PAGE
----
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5 Tips for Managing Healthcare Payer Contracts

Contract Management Software

Healthcare payer contracts are often complex, complicated documents, and can create major challenges for healthcare providers if not closely managed and monitored. They define the ways healthcare providers are reimbursed for delivering services to patients who are covered by particular health plans, encompassing everything from provider networks and reimbursement rates to provider credentialing and medical necessity. 

Due to the challenges of keeping up with these agreements and developing a thorough understanding of the various terms and details, healthcare providers often miss deadlines to file claims and fail to meet conditions for timely reimbursement. This can contribute to providers not receiving all reimbursement payments and making miscalculations regarding revenue streams, which can adversely impact your bottom line. 

This is why it’s critical for hospital and practice administrators to fully understand payer contracts to ensure your organization is properly reimbursed for services without having to spend extra time chasing down payers. The following five tips can help you put a plan in place to effectively manage healthcare payer contracts.

1. Use contract management software to store and organize payer contracts 

Contract lifecycle management software allows providers to store all payer contracts in a centralized repository, which eliminates the hassle of searching through shared drives anytime there’s a need to reference a specific contract. 

Using labor-intensive manual processes - such as storing contracts in various shared drives and tracking them in a spreadsheet - can be time-consuming and lead to errors. Matters become even more complicated when multiple people are working from the same spreadsheet.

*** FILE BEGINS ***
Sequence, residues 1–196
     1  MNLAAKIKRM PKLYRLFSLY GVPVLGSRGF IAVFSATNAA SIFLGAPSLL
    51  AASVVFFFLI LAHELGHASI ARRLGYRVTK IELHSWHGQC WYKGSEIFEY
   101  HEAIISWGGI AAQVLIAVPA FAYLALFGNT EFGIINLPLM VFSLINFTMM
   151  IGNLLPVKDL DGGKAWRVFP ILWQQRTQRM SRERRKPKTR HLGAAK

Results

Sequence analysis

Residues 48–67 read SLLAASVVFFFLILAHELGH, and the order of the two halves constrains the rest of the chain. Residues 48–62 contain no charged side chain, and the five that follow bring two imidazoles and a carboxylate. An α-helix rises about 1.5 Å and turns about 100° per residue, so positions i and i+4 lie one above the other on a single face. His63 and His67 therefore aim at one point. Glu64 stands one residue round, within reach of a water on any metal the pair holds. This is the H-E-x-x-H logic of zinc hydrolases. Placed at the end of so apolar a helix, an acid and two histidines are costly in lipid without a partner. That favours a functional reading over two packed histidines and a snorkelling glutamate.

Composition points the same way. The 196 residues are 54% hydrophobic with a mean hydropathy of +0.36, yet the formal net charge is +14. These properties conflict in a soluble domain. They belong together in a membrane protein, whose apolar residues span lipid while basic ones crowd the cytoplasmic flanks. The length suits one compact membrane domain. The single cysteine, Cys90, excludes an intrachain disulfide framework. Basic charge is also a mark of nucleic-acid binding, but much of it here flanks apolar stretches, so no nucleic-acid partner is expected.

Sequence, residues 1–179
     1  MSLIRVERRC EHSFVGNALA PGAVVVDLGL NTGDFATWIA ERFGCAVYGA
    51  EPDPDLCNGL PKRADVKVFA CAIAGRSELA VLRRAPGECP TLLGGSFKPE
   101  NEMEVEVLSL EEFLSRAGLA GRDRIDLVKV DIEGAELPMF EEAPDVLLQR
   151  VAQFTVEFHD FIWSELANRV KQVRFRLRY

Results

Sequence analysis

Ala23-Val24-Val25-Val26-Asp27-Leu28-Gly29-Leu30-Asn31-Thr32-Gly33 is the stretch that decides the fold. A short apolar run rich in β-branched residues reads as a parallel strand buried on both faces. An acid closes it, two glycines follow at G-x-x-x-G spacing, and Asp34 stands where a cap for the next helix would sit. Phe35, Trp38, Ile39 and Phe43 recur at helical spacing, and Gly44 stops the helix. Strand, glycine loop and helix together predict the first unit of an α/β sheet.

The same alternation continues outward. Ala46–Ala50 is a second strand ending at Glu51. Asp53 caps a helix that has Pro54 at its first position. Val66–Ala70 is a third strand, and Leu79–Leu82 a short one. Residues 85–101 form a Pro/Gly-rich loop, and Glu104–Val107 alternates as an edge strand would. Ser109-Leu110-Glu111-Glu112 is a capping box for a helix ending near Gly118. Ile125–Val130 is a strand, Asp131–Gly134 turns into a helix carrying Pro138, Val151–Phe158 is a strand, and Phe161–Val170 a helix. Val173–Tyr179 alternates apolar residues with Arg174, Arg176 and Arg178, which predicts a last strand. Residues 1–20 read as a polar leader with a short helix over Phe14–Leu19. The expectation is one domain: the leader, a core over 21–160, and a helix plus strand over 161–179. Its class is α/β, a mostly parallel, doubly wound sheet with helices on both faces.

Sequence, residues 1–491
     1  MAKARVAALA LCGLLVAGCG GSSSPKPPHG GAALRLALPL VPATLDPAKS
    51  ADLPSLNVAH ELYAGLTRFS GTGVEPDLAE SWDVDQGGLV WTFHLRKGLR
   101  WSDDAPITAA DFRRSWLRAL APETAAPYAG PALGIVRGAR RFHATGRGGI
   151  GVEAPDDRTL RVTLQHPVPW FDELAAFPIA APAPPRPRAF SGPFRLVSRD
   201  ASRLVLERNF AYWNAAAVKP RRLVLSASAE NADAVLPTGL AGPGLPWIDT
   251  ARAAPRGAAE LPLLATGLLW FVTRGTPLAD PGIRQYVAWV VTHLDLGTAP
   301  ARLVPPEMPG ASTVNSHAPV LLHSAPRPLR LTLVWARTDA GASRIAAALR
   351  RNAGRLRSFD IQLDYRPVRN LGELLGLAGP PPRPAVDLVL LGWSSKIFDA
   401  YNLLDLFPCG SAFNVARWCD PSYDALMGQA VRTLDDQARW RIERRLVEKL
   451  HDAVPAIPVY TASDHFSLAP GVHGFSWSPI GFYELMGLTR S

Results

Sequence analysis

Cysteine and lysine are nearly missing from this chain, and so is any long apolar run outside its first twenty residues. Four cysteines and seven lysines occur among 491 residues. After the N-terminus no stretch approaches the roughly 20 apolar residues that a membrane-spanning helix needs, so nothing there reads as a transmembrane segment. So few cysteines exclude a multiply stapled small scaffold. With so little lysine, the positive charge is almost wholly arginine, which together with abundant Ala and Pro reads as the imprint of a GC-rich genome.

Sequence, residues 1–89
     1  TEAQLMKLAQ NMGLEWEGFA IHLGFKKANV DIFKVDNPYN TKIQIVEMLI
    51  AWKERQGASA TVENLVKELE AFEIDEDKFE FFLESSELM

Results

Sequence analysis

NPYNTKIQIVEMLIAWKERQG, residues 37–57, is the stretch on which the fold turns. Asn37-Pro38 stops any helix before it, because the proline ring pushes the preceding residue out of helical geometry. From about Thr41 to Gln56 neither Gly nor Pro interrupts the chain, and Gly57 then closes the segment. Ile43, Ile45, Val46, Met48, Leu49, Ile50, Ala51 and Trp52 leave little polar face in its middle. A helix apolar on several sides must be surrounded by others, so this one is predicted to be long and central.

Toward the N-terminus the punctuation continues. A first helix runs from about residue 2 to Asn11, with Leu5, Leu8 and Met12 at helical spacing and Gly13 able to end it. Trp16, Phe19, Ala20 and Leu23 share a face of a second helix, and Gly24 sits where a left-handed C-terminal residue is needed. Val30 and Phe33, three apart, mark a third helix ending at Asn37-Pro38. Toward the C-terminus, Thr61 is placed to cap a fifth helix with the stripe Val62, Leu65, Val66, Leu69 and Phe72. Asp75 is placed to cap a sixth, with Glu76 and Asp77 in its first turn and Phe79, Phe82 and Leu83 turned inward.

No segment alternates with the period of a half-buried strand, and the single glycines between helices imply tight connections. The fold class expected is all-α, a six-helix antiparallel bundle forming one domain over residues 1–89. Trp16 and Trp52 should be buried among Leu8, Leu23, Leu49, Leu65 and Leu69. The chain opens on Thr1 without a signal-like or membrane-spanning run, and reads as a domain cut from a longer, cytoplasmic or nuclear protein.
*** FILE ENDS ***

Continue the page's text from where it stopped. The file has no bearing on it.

2. Dig deeper into contract language 

It’s critical for anyone who manages payer contracts to have a solid grasp of the language in your agreements so you understand common requirements and clauses that often present challenges. Taking a closer look at the details found in your payer contracts can reveal whether or not they include clauses around network requirements, reimbursement policies, and unilateral amendments, meaning payers can make changes to agreements without the provider’s consent. 

3. Report on the important terms and details of payer contracts

Effectively managing payer contracts requires visibility and insight into all the different provisions of your agreements. While that certainly includes the various reimbursement rates and guidelines, it also includes factors such as the amount of time a provider has to submit a claim after providing a service, the time the payer has to reimburse the provider, and the specific requirements related to contract termination or renegotiation.

Many contract management software solutions offer the ability to tag all of this contract data within the software, so you can then run reports to see how this information varies across all of the agreements in your portfolio.

4. Schedule reminders for renegotiations and termination dates 

Healthcare payer contracts are often heavily stacked in favor of the payer. However, when healthcare providers are aware of renegotiation and termination deadlines, you can better prepare to take action and determine whether or not to make changes to the terms of an agreement - or whether you should continue working with the payer at all. 

By taking advantage of contract management software alerts and notifications, you can be sure you’re automatically notified well in advance of any important payer contract dates. Whether you set alerts for 30, 60, or 90 days in advance (or any other time frame) of important deadlines, you’ll have plenty of time to evaluate each agreement so you can adequately prepare for next steps. 

5. Negotiate more favorable agreements 

With help from the reporting functionality mentioned previously, providers can gain greater insights into your contracts, both in terms of the content and performance of agreements. You can then leverage that knowledge to work with payers to find better reimbursement rates, or decide if it makes more sense to look for different payers. By preparing evidence-based, data-driven responses, you’ll be in a better position to renegotiate contracts and terms that are more favorable to your business. 

Most healthcare providers have agreements with multiple payers, both commercial and government, so it can be overwhelming to fully understand how every individual contract is structured. However, by implementing contract management software to help optimize your contract management process, you can more easily see the most important information in your contract portfolio, and take strategic action to achieve the best results for your organization.

The Buyer's Guide to Contract Management Software

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